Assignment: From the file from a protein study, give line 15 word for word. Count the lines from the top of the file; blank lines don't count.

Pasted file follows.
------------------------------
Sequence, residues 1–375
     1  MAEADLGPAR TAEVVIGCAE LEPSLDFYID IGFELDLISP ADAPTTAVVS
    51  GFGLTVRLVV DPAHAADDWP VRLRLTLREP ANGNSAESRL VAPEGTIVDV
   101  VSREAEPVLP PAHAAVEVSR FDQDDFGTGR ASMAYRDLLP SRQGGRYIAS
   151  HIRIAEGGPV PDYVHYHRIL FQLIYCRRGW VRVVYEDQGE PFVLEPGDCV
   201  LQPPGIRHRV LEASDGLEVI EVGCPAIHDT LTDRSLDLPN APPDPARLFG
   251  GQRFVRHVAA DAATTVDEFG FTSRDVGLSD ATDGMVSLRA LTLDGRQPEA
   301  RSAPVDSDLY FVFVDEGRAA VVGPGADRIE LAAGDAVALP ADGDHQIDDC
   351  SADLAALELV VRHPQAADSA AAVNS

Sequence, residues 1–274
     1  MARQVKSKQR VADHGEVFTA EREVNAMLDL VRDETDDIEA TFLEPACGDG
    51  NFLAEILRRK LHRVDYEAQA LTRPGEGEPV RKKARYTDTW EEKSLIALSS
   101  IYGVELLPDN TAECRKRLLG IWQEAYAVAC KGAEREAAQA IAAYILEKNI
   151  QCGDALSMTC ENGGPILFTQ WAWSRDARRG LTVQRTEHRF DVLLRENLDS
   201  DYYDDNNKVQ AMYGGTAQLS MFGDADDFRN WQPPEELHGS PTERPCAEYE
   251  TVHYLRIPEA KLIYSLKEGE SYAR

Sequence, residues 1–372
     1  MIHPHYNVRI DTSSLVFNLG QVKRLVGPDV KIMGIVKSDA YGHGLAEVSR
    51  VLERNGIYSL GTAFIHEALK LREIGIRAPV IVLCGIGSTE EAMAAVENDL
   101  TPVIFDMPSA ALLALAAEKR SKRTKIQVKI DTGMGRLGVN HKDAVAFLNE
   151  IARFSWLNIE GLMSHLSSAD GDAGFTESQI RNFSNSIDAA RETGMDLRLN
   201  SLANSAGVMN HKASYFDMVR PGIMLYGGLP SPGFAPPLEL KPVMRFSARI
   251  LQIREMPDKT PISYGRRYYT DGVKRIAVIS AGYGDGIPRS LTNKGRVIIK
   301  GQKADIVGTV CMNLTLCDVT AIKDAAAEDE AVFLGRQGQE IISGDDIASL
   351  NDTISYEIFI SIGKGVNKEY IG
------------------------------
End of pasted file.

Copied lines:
   201  DYYDDNNKVQ AMYGGTAQLS MFGDADDFRN WQPPEELHGS PTERPCAEYE